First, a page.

Months pass and here I am still faithful to the same guy, still sitting next to the handsome gentleman in class, still going through the motions. Then it hit me. It hit me quicker than snow would melt in July. Why am I letting my fears control my future?
What fears, you ask? The fear of hurting someone else and myself. The fear of regret. The fear of losing friends. The fear of being replaced. They all terrorized me so I kept someone around that didn't deserve being towed along for the ride. That is the funny thing about your fears; when you fear something, you are giving it the power to control your life. We let these jitters have authority of our dreams and our souls every time we have to make a decision and that, buddy ol' pal, is not the way to live your life. Sermon over. Back to the story.
I could not let my life continue the way it was. So I did what any 20 year old would do-I called my Mommy. She gave me life lesson #46 (which turned out to be pretty cliche) always follow your heart. So there I was, in the midst of finals, planning out how to change my whole world.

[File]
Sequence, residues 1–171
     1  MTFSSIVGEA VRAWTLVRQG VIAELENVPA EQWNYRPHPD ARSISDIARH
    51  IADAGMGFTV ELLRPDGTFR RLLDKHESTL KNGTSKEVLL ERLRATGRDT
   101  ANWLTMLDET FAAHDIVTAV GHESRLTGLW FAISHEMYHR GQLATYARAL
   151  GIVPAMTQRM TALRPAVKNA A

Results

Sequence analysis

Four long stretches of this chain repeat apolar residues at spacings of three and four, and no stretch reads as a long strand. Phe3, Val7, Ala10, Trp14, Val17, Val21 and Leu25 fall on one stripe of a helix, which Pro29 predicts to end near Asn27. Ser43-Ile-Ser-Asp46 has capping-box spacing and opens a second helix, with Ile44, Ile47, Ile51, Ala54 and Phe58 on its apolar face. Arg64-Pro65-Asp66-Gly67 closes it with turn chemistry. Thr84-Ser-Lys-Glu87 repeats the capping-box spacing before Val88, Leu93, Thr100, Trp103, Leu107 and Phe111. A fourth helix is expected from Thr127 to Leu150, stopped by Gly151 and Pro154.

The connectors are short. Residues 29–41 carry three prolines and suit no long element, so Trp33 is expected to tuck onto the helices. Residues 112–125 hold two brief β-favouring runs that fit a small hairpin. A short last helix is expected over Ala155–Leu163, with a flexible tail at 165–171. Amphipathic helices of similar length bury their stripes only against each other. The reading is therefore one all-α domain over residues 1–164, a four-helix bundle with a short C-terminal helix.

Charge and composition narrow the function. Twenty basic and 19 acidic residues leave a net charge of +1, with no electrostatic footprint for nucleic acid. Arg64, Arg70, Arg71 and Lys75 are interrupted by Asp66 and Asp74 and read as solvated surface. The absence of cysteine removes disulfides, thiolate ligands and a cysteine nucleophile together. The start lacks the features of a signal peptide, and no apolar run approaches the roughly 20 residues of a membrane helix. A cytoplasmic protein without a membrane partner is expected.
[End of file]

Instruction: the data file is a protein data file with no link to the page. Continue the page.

At the end of the week, when finals were over, I drove my suitcase filled car to his house. Marched up those stairs and let him know I couldn't do it anymore. I think that was the first time in two and a half years that he could not read my mind. For some reason though, my words did not seem to rattle him. He either assumed I wouldn't keep my promise this time or, I believe, he knew the path we were on was leading to this. So, as I marched back down those stairs for the last time, tears filled my eyes. Tears of relief but also, once again, fear. I knew my friend group was about shift and my social life was going to have to be adjusted. As much as I struggle with change, I knew it is necessary for growth and we both deserved that.
I hopped back into my car, and started my drive home for winter break. Clear head and clear eyes (full hearts? anyone?). Life was going to be okay. It was going to be more than okay. I turned up my Taylor Swift and did not look in my rear-view mirror once on my five hour drive home. Figuratively, of course.